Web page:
By Joel Scanlon
At Vanderbilt University in Nashville scientists are working on a lower limb prosthetic that will allow amputees to walk with a more natural gait. The artificial leg which they have come up with uses computing, sensor, electric motor and battery technology to achieve its purpose.
Professor Michael Goldfarb, right, with amputee Craig Hutto who is wearing the new bionic leg developed at Vanderbilt. (John Russell, Vanderbilt University)
As per the team it is the first with powered knee and ankle joints that operate in unison. It was developed by Michael Goldfarb, the H. Fort Flowers Professor of Mechanical Engineering at the Vanderbilt Center for Intelligent Mechatronics.
Goldfarb said that the research had been in progress over the last seven years. With their latest model, they had validated their hypothesis that the right technology was available to make a lower-limb prosthetic with powered knee and ankle joints., Goldfarb added that their device illustrated the progress they were making at integrating man and machine.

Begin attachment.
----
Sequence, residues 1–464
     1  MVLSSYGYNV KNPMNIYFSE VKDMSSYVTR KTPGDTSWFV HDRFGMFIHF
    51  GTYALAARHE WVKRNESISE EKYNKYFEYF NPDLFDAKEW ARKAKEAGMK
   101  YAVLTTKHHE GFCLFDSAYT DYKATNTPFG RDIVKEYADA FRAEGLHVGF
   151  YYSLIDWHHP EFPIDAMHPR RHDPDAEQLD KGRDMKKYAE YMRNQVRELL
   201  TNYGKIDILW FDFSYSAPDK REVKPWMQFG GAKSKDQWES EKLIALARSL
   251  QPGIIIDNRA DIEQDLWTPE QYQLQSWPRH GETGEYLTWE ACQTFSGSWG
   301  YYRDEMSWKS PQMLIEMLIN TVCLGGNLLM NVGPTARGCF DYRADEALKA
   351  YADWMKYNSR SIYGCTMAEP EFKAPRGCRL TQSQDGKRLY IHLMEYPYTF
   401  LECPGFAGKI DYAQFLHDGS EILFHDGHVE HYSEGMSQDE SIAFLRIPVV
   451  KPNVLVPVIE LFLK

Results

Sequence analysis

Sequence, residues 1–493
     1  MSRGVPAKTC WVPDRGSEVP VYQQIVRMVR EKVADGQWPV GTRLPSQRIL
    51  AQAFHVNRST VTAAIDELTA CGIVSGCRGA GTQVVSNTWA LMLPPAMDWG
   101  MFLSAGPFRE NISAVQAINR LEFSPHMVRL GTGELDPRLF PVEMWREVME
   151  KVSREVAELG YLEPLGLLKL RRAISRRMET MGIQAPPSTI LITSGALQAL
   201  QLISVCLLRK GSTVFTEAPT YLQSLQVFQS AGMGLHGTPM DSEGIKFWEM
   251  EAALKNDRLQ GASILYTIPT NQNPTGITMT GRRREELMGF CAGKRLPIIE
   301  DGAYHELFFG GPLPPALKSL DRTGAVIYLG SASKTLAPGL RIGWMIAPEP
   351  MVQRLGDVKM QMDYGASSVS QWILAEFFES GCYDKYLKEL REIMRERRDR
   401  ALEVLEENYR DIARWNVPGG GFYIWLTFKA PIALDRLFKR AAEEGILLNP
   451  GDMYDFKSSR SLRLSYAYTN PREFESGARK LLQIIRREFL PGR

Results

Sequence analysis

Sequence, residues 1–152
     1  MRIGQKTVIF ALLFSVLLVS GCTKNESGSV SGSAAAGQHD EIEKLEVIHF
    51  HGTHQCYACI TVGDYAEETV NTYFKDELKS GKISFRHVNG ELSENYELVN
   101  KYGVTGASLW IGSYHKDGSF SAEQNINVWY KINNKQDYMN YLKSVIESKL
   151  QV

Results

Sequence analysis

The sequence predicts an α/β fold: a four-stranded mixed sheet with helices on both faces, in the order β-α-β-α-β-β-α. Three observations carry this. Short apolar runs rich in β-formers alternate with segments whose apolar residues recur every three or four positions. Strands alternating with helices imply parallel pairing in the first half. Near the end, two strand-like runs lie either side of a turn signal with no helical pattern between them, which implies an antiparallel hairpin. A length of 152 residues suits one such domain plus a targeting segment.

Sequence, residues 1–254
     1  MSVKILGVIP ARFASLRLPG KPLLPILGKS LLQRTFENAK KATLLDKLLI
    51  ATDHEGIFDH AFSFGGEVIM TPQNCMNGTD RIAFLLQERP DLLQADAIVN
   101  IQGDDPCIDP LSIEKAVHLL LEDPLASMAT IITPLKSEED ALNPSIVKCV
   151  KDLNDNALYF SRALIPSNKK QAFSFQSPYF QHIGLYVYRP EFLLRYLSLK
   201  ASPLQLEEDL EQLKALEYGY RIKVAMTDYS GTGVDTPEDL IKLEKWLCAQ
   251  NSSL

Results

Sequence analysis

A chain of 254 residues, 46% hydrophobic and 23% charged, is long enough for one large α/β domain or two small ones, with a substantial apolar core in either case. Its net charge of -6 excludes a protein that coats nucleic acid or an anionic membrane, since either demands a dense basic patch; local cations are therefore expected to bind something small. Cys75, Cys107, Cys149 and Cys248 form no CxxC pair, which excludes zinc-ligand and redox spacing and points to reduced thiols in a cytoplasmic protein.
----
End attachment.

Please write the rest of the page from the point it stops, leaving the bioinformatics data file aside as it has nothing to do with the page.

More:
A 23 year old amputee who has been testing the leg, Craig Hutto, said that when it was working it was totally different from his current prosthetic. The passive leg was always a step behind him, but the Vanderbilt leg is just a split second behind.
Hutto said that going up and down slopes was one of the hardest things to do with a conventional leg so he had to be conscious of where he went because he could get very tired walking up and down slopes. But that won't be a problem with the powered leg because it goes up and down slopes almost like a natural leg.
The Vanderbilt leg is designed for daily use in regular life. It makes it much easier for the amputee to perform functions such as walking, sitting, standing and going up or down staircases. The device also showed that it was 25 % faster than walking with a regular passive leg on a level surface.